Sunday, April 14, 2002

A Break in Policy

For a couple of days now, I have been thinking about breaking my self-imposed ban on commenting on the scandals, particularly those of the Archdiocese of Boston. I'm still not sure I should, but here goes anyway.

I have found it hard to follow the scandal because it is painful. I lived in the Archdiocese of Boston for three years, have met Cardinal Law on several occasions, and have many friends among the priests, religious brothers and laity of that archdiocese. They are suffering deeply and the drum beat of this scandal is relentless.

The focus of everyone's ire is rightly on Cardinal Law. It is clear by now that he has made serious errors in judgment. Should he resign? I think so. Apparently, though, so did he. From the reports, he tendered his resignation to Rome but it was rejected. If that is true, Amy Welborn's one-liner about Law's comments fails to consider the more charitable read: "I don't think I should still be Archbishop, but if I must, my desire is ....". Still, maybe I am being too charitable.

The one thing we all have to admit is that this problem isn't resolved by Cardinal Law's resignation. It won't be solved by a flurry of "problem awareness" conferences, studies and new policies on sexual misconduct. The problem will only be resolved by bishops rediscovering their calling as shepherds.

How to accomplish that? I'm not convinced that the call for every bishop's head is the best method. Maybe it is what's needed to get them to recognize the problem, but I don't know. A collective, formal protest by withholding donations on a given Sunday, as suggested by Michael DuBruiel, is another possibility. Maybe Cardinal Law should force the Vatican's hand by announcing his resignation anyway. I really don't have answers to this question. All I know is that pinning all our hopes for positive change on a resignation is naive.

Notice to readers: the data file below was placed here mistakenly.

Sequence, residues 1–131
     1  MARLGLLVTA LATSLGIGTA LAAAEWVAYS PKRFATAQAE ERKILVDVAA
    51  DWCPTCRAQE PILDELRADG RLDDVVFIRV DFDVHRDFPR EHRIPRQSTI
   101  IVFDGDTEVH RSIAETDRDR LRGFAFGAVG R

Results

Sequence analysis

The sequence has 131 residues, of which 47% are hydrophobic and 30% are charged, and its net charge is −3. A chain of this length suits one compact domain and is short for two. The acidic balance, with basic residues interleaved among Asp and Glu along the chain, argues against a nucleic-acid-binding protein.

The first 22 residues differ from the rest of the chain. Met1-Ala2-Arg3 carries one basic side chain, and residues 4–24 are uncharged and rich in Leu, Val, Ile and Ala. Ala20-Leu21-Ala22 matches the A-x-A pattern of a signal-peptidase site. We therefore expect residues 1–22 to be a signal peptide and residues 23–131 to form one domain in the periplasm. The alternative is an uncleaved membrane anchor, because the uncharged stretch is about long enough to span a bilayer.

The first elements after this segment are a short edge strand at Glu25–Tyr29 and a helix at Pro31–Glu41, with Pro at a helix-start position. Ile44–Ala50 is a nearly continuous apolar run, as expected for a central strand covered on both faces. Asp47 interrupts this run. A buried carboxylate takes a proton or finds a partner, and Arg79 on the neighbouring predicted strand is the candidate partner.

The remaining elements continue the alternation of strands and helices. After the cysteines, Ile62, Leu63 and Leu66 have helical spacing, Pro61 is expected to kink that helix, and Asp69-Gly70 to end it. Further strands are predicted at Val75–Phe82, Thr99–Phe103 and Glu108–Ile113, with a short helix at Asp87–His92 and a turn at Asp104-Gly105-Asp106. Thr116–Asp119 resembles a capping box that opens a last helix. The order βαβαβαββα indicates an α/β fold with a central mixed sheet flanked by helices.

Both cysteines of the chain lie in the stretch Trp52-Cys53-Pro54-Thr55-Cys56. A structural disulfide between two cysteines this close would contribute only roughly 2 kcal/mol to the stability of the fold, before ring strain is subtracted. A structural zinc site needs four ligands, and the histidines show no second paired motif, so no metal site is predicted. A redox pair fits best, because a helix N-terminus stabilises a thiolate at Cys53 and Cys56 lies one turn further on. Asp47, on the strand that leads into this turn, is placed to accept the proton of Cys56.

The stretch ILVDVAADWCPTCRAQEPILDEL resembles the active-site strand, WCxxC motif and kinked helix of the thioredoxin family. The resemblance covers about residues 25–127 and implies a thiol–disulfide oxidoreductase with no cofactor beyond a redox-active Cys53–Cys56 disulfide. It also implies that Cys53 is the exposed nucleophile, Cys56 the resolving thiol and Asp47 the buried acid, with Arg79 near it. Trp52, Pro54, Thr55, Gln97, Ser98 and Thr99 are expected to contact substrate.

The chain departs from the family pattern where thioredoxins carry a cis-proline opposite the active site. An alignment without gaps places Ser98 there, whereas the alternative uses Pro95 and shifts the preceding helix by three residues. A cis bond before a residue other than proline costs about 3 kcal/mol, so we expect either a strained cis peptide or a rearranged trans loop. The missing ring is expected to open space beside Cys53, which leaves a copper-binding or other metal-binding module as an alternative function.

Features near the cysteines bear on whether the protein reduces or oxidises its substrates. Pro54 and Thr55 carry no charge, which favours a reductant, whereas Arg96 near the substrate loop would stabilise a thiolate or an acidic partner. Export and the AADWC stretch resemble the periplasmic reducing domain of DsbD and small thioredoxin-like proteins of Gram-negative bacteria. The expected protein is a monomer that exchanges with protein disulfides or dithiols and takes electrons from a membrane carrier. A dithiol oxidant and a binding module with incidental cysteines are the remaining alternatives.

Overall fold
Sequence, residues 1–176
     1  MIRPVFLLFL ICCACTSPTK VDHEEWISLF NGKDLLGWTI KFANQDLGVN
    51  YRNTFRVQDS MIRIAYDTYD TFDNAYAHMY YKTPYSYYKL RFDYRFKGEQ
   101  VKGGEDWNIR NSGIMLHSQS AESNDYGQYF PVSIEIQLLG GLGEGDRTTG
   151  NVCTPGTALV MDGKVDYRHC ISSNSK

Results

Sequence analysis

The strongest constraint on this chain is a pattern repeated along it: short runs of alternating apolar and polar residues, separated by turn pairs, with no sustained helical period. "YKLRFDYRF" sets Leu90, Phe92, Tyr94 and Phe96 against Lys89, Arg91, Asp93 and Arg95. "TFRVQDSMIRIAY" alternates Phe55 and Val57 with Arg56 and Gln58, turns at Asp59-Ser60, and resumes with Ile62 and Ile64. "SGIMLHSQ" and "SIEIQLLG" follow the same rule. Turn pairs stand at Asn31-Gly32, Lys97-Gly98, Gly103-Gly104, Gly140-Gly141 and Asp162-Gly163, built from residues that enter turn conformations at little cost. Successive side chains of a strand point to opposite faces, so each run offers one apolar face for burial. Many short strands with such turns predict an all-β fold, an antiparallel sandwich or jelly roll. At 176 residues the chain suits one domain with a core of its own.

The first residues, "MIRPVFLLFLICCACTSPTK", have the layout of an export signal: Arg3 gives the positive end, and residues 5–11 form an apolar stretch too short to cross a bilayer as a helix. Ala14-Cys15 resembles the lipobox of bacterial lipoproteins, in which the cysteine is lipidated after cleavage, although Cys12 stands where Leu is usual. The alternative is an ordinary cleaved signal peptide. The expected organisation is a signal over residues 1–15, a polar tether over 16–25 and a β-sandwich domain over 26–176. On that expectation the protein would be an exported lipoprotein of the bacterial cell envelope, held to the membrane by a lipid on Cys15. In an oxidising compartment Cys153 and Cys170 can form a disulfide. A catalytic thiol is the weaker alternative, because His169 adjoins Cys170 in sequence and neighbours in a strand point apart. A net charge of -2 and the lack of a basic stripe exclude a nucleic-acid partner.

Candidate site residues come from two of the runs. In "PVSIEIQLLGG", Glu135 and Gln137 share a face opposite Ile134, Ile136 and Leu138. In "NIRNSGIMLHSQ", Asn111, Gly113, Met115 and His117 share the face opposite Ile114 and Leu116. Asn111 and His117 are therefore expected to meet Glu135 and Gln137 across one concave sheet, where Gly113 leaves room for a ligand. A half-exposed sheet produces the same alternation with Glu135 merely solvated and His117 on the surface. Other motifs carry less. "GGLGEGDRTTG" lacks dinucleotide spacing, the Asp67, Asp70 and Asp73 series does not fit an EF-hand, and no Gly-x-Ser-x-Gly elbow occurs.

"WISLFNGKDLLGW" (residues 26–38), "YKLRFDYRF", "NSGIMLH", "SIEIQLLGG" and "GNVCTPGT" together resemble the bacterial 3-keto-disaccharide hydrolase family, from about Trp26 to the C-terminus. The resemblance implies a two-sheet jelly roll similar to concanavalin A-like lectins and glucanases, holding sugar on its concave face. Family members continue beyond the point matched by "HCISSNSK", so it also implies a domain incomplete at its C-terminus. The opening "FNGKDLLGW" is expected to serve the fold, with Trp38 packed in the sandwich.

And it is possible that change can come through Cardinal Law. Need I remind everyone that our first pope denied Christ three times during His passion or that the great apostle St. Paul was a great persecutor of Christians before Damascus? We may not see such a conversion and renewal this time, but we should certainly hope and pray for one.

My real concern is with how Catholics are letting this scandal affect them. We do have some control over that, after all. We need to ask ourselves whether our focus is on what is best for the Church or an unconscious personal need to see this man go as some sort of vindication. We are hurting, yes, but our faith must have deeper roots than the good behavior of the episcopacy. I worry that the media is forcing us to apply a simple-minded political analysis to this problem that ultimately is going to leave Catholics indifferent and skeptical of every bishop.

I hope the bishops are listening. As I said above, I do think that Law should resign. But what we really need is a new pentecost. The shape it ultimately takes (bishops resigning, etc.) is secondary.

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